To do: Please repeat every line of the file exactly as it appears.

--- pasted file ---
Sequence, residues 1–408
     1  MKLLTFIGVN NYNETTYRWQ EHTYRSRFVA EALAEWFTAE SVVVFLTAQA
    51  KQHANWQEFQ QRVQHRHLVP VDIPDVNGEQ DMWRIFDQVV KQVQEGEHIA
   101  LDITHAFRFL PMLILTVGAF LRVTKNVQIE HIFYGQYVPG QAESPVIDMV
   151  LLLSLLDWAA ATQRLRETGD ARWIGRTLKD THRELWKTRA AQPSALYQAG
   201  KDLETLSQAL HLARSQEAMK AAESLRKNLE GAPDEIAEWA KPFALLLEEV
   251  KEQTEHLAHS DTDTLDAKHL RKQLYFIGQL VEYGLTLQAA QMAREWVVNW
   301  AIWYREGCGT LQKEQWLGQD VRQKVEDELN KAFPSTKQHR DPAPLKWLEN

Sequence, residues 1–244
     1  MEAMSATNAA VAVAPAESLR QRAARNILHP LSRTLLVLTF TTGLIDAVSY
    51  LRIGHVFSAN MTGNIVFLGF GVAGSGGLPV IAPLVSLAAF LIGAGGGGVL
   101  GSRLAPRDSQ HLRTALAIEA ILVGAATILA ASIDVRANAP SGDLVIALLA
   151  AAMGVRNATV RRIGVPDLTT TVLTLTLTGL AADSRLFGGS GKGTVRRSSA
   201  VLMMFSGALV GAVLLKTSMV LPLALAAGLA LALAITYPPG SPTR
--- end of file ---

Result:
Sequence, residues 1–408
     1  MKLLTFIGVN NYNETTYRWQ EHTYRSRFVA EALAEWFTAE SVVVFLTAQA
    51  KQHANWQEFQ QRVQHRHLVP VDIPDVNGEQ DMWRIFDQVV KQVQEGEHIA
   101  LDITHAFRFL PMLILTVGAF LRVTKNVQIE HIFYGQYVPG QAESPVIDMV
   151  LLLSLLDWAA ATQRLRETGD ARWIGRTLKD THRELWKTRA AQPSALYQAG
   201  KDLETLSQAL HLARSQEAMK AAESLRKNLE GAPDEIAEWA KPFALLLEEV
   251  KEQTEHLAHS DTDTLDAKHL RKQLYFIGQL VEYGLTLQAA QMAREWVVNW
   301  AIWYREGCGT LQKEQWLGQD VRQKVEDELN KAFPSTKQHR DPAPLKWLEN

Sequence, residues 1–244
     1  MEAMSATNAA VAVAPAESLR QRAARNILHP LSRTLLVLTF TTGLIDAVSY
    51  LRIGHVFSAN MTGNIVFLGF GVAGSGGLPV IAPLVSLAAF LIGAGGGGVL
   101  GSRLAPRDSQ HLRTALAIEA ILVGAATILA ASIDVRANAP SGDLVIALLA
   151  AAMGVRNATV RRIGVPDLTT TVLTLTLTGL AADSRLFGGS GKGTVRRSSA
   201  VLMMFSGALV GAVLLKTSMV LPLALAAGLA LALAITYPPG SPTR